At the core of Urbonas’ concept is the manipulation of gravity and G-force to essentially pull the blood from a rider’s brain down into the lower half of their body. This could be prevented, however, by wearing “anti-g trousers,” or a g-suit, a suit worn by astronauts and aviators to stop them from losing consciousness during acceleration.
In theory, the g-suit could do the same thing for a Euthanasia Coaster rider, preventing their blood from pooling in the lower half of their body.
“Using anti-g trousers that prevent pilots from blackout and fainting,” Urbonas said, “I believe I would survive the ride and turn it into the most extreme thrill ride.”
The design concept was so groundbreaking, in fact, that it was awarded the Public Prize of New Technological Art of Update 2013. Still, what would inspire Urbonas to come up with this idea in the first place?
“There are actually several sources of inspiration,” he told Vice. “They’re quite diverse, but all of them have something in common. The key ones might be the halt of roller-coaster progress, the extinction of death rituals, and the current development in sci-fi design.”
Urbonas also said that a sci-fi enthusiast reached out to him, drawing comparisons between the Euthanasia Coaster concept and the works of Kurt Vonnegut, who often featured euthanasia as a theme in his stories.
From interviews, it’s clear that Urbonas viewed his work, at least in part, as a cross-section between science fiction, art, architecture, and a truly viable solution for assisted death, which can be a touchy subject, depending on where you are in the world. Certainly, it makes the actual implementation of something like the Euthanasia Coaster a complicated maneuver — but it’s not actually that far off from some other solutions around the world.
Another Futuristic Assisted Death Invention
As Popular Mechanics reported in 2021, an Australian nonprofit, Exit International, designed what they call the Sarco suicide pod (short for sarcophagus), which was approved for use by Switzerland’s medical review board.
The pod, which looks like something straight out of a sci-fi movie, has an incredibly similar goal to the Euthanasia Coaster: to make death as quick and euphoric as possible.
The way it works is fairly straightforward. Someone wanting to undergo voluntary euthanasia or assisted suicide lies down in the pod. They are then asked a series of simple questions, and once they’ve answered, they are free to push the big red button inside the pod.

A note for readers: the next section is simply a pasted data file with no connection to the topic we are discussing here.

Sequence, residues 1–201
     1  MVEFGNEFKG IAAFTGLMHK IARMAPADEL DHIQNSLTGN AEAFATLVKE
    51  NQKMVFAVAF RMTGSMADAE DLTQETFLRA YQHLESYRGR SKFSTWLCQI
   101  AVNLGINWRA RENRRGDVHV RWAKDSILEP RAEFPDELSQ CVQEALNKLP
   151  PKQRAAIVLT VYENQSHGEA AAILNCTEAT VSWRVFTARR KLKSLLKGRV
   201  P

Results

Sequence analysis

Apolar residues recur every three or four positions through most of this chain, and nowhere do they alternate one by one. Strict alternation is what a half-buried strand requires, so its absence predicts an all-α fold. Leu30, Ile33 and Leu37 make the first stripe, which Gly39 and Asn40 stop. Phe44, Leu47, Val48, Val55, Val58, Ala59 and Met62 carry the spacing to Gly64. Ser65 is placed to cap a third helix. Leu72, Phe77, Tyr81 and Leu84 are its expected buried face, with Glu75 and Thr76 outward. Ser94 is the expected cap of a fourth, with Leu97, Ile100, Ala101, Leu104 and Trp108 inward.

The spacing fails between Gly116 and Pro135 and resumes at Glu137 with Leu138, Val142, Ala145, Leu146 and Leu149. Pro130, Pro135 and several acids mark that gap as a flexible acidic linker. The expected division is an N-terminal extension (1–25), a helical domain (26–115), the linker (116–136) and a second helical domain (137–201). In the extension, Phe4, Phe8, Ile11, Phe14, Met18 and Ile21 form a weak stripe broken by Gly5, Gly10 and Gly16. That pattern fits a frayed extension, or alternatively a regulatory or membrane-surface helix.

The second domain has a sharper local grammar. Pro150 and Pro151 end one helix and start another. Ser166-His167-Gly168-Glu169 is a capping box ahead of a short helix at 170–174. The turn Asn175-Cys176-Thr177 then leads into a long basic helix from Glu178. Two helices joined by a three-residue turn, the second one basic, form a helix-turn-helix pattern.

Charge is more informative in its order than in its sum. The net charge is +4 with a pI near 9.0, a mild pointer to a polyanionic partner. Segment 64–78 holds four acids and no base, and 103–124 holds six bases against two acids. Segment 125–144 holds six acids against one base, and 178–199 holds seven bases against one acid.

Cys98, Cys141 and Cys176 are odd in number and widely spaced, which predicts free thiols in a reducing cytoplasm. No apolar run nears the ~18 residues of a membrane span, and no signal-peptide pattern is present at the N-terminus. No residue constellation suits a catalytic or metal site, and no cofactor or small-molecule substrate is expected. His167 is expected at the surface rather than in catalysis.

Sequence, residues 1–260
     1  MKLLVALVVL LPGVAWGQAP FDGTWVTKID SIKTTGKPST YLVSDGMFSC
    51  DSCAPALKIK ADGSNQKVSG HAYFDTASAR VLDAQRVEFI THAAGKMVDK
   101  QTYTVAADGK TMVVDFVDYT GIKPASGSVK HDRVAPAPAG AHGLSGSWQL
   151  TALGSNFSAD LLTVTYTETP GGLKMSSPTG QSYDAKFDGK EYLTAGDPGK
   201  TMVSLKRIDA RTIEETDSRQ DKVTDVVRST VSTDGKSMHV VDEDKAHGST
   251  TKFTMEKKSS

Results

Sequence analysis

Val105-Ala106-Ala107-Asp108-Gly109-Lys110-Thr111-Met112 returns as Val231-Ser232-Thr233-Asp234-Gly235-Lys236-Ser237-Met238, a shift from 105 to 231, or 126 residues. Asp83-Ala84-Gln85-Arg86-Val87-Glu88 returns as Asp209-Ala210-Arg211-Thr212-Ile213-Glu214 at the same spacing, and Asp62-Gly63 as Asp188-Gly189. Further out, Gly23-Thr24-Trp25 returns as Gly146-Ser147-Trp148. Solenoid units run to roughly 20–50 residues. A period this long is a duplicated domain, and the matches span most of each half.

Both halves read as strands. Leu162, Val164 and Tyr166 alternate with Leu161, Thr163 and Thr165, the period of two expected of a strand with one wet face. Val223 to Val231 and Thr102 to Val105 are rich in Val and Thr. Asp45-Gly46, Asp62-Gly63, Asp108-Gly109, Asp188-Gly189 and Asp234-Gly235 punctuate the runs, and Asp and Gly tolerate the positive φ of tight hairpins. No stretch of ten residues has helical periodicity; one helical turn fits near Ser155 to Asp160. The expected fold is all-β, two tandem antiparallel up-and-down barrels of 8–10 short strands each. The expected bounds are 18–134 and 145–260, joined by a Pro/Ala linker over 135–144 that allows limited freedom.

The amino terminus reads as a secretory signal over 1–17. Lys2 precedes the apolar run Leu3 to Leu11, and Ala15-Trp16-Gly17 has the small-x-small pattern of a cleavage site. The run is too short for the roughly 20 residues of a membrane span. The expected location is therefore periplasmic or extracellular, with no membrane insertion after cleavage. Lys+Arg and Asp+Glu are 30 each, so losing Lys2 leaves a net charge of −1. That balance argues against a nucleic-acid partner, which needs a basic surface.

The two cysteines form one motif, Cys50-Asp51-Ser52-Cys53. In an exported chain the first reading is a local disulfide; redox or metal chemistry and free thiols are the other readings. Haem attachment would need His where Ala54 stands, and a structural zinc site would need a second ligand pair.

At this point, a canister of liquid nitrogen is dispensed into the pod, dropping oxygen levels to less than five percent in just one minute. Unlike poisonous gases, though, pure nitrogen has no smell, nor is it toxic. Like the Euthanasia Coaster, the point of using nitrogen is to decrease oxygen, which will create a euphoric effect on the person inside. Death, in this instance, stems from oxygen deprivation and a hyper-concentration of carbon dioxide in the blood.
The whole process takes a maximum of 10 minutes.
The pod itself is also biodegradable and can be detached to be used as a coffin.
There is a strong ethical debate around the concept of assisted death — and that is perhaps why the Euthanasia Coaster made such a big impression — but Exit International founder Philip Nitschke argued that the Sarco pod is a far more humane solution than other assisted suicide methods available in Switzerland. It doesn’t involve injecting drugs into a person’s body, for example, or asking a patient to overdose on drugs that could cause them to vomit.
The Sarco pod and the Euthanasia Coaster both offer unique solutions to a rather controversial topic, but more than anything else, they bring that conversation into a more public lens — for better or worse.
Looking for more weird science? See how the people of the past imagined the future of today through these 55 pieces of astonishing retrofuturism art. Or, learn the full story about who invented the internet.